Simon on the other hand had an EXCELLENT run, and with strong finishes in Q4 and Q5 he made it into the A main lining up 8th on the grid, awesome! The good thing about being in the C is that I could watch the A without having to marshal, and what a race it was by Simon picking his way through the carnage and finishing 3rd in A1, meanwhile Ronald took an easy win. A2 and Ronald again took the win to seal the overall victory – great work and a super nice guy! A2 was less good for Simon, finishing where he started. A3 went better for Simmo, with another great drive and midfield result meaning he finished 5th overall. An excellent achievement and well deserved.
The other classes were sensational to watch too with A1 of 12th scale being a standout race as well as the cool Japanese GT500 class A1. Check both these races out online, they are definitely worth watching.
With AOC run and done we had a day to see the sights of Tokyo – no where near enough time in hindsight. We made it to a load of hobby stores in Akihabara followed by shopping in Harajuku and Shibuya before heading to the airport for my flight home.
A few takeaways from my trip:
1. Yatabe Arena is amazing and their hospitality was great
2. There’s nothing like racing on carpet. It’s with regret that I hear AOC Melbourne is going to be on asphalt next year
3. It’s best not to ask what you are eating if you are out with Hiroshi
4. Overseas there are no speeches at presentations. Even Ronald just collected his trophy and went and stood on the podium
5. The lack of Tamiyas was a real worry
6. Canned hot coffee from a vending machine is surprisingly good
And now here are some random shots from around the place
Control tyre additive – the best idea in RC this year
There were stalls by Lee Speed, TOP, Yokomo, and Trion. Yokomo were showing their new BD7 2014 black edition as used by Ronald – a very sexy piece if kit!
Delicious food from Yatabe Arena Cafe
The on-road sport track – I wish we had one of these at home
The drift GP track. They held a huge drift meeting while AOC was on, seriously cool to watch but I think I’ll stick to touring cars
Masami’s trophy room including all his championship winning cars
My wife’s idea of heaven
Japan’s most famous intersection. It wasn’t quite peak hour so not as impressive as in the movies
And now for the carpet setup…
I have had very little time to run on carpet but my car was excellent at AOC Melbourne and hopefully it will be again at AOC Yatabe a fortnight from now.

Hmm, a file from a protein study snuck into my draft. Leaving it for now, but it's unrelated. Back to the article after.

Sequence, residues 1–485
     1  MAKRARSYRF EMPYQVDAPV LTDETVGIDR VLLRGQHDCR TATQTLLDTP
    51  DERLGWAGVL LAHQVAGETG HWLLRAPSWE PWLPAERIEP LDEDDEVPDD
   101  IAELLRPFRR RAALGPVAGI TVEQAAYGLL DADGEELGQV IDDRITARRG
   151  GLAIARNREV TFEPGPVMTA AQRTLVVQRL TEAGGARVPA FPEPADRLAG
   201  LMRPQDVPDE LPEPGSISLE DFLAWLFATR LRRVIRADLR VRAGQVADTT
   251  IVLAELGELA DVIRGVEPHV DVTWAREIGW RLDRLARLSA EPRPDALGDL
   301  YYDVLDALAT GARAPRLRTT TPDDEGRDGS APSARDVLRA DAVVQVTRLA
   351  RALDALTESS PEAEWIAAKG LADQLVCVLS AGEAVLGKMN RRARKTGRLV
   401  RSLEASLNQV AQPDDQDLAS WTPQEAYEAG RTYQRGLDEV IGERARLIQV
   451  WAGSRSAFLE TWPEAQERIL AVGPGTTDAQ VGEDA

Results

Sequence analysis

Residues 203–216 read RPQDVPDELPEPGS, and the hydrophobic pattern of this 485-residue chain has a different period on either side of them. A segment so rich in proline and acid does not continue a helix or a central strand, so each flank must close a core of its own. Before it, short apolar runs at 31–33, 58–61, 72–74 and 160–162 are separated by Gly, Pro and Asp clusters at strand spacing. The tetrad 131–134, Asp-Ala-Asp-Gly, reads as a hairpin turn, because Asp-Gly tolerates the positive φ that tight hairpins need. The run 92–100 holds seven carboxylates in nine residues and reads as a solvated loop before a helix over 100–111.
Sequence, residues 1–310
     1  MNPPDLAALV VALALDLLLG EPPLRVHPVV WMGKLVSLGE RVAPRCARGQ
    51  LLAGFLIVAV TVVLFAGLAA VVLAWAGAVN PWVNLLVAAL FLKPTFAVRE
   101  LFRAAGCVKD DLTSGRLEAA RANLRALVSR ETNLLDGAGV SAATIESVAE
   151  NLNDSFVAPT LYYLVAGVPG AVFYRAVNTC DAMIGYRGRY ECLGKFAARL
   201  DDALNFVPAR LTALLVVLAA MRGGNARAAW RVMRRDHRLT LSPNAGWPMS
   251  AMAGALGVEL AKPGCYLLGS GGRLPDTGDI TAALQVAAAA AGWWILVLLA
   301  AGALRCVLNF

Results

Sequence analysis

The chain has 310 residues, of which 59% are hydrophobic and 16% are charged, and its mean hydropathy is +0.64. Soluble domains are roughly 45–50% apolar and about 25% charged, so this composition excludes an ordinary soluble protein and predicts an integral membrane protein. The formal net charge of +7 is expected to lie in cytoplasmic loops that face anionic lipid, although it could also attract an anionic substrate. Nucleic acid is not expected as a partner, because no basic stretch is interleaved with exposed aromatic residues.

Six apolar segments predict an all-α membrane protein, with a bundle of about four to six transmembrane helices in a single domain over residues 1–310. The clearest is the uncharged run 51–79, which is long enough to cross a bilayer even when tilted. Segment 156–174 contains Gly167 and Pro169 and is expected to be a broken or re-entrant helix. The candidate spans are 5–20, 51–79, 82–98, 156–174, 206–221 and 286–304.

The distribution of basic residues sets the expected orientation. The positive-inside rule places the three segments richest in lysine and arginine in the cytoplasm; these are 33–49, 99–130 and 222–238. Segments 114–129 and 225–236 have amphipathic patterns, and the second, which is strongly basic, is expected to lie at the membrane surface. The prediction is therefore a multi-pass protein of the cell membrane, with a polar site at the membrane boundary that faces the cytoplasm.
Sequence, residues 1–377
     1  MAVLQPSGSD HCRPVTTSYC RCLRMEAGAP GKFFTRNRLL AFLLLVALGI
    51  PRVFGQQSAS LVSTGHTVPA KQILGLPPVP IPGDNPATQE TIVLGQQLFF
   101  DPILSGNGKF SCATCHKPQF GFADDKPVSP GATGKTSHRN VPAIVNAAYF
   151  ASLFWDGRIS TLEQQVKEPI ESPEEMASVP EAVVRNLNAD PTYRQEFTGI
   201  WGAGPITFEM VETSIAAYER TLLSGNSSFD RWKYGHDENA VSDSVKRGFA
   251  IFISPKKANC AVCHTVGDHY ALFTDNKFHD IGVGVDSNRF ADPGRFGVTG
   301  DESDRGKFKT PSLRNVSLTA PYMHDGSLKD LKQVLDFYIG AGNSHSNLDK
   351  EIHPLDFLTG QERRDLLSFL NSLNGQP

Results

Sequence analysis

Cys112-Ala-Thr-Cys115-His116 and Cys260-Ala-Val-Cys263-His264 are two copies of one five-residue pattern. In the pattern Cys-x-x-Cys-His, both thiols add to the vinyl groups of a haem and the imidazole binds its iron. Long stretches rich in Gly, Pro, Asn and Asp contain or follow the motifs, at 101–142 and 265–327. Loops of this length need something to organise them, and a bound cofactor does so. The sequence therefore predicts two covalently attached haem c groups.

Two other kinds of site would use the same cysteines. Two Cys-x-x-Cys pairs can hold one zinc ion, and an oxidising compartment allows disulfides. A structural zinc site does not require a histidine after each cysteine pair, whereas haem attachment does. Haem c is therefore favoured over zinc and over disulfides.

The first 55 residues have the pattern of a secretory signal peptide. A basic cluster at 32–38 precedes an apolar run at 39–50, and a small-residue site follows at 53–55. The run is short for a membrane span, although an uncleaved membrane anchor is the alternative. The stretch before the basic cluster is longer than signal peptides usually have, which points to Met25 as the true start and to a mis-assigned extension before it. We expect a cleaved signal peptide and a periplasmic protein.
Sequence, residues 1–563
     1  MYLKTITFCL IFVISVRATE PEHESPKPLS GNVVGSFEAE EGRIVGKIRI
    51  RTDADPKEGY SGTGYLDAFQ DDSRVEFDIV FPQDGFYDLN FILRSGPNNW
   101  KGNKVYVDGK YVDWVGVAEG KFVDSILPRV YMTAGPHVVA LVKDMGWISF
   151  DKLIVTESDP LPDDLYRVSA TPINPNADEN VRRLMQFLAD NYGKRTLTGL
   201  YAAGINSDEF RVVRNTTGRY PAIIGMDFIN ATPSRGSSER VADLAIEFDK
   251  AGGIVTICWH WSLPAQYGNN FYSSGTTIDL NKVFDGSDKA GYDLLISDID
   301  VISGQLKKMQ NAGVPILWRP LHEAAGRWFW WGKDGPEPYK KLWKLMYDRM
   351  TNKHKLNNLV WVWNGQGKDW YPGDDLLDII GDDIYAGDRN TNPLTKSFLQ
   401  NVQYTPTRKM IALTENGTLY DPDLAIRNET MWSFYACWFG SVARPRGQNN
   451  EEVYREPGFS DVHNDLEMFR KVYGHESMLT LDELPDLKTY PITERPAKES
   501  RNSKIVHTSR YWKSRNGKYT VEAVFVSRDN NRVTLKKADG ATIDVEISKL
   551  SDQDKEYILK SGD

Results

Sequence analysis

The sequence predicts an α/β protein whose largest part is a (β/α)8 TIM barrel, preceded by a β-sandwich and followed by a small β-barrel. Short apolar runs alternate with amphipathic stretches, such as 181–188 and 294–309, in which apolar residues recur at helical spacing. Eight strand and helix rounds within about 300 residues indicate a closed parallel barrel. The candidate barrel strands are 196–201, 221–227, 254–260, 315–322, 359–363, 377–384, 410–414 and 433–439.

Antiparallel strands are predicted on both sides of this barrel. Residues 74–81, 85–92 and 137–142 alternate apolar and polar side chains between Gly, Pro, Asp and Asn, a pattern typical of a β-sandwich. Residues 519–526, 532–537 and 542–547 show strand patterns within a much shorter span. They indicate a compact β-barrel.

A few changes from the asphalt setup, mostly to take away the bite that carpet gives:
- Front shocks more upright – this is track dependent but it improves turn-in and stops the car from bitting mid corner
- Lighter oils – as the grip comes up you may need to increase oils but I found 400 best for shocks and 2-3k in the rear diff. For traction roll try harder rear shock oil, 500
- Less camber change/higher front RC – again to take away front bite, improve direction change and also increases corner speed
- Springs – different springs for carpet. I like the Tamiya springs, but I will test more with Yokomo springs at AOC. For lower grip carpet a softer spring may be better like Tamiya blue front and yellow rear (kit springs)
- Wider track width (1mm wheel spacers) – again takes away some bite but also improves stability. This is track and grip dependent too but well worth playing with
Some rebound can also be helpful on carpet – it will again take away some grip particularly mid corner where the risk of traction roll is highest, and it will improve responsiveness even more. The last thing you want on carpet is a lazy car!
I often get asked for set up tips, so I’m posting a basic setup that will work in most situations along with some tips to help tune the setup for different tracks. This stuff is my opinion only and based on my experience with Tamiya cars. I’m sure there is lots of other stuff that works but these are my “go to” tips for most track conditions
First the setup…
Now a few caveats… firstly this setup sheet is based on the 417V5 with HL dampers. I use HL dampers all the time because they are easy to build and I don’t find the aeration any faster. I chose the V5 because I use the V5 shock towers and bulkhead heights – I actually use 417X bulkheads shimmed 0.5mm to V5 height.
If you have a 417x and want to run this setup you can either shim all the bulkheads up 0.5mm or add an extra 0.5mm shims to the camber link heights on the bulkheads, so that would make them 4mm and 3.5mm respectively. Shocks positions will be 3 front 5 rear on the X towers. To put this setup on a 417, in addition to bulkhead heights you also need to add an extra 0.5mm on the front camber link due to the older style front kingpins which are 1mm higher than X/V5. The shock positions are different on the 417 towers too, 2 front 3 rear (if I remember correctly)
The first rule is that your car has to be flat (de-tweaked), balanced, and have equal shock lengths and sway bars. Look back at my 417X build to see how to build a perfect car. I use a hudy ultimate setup station for setting camber, toe and tweak, and tamiya droop blocks. You don’t need fancy stuff, toe can be set with verniers (and pythagorus), and camber can be done with a quick camber gauge and setup wheels – I do this when I don’t have time for the setup station. Droop gauge/blocks are a must!
I set droop with everything attached – sway bars, shocks etc – because that’s how the car will run on the track. Refer back to the first rule! This doesn’t work unless you’ve done the hard work in getting your car perfect!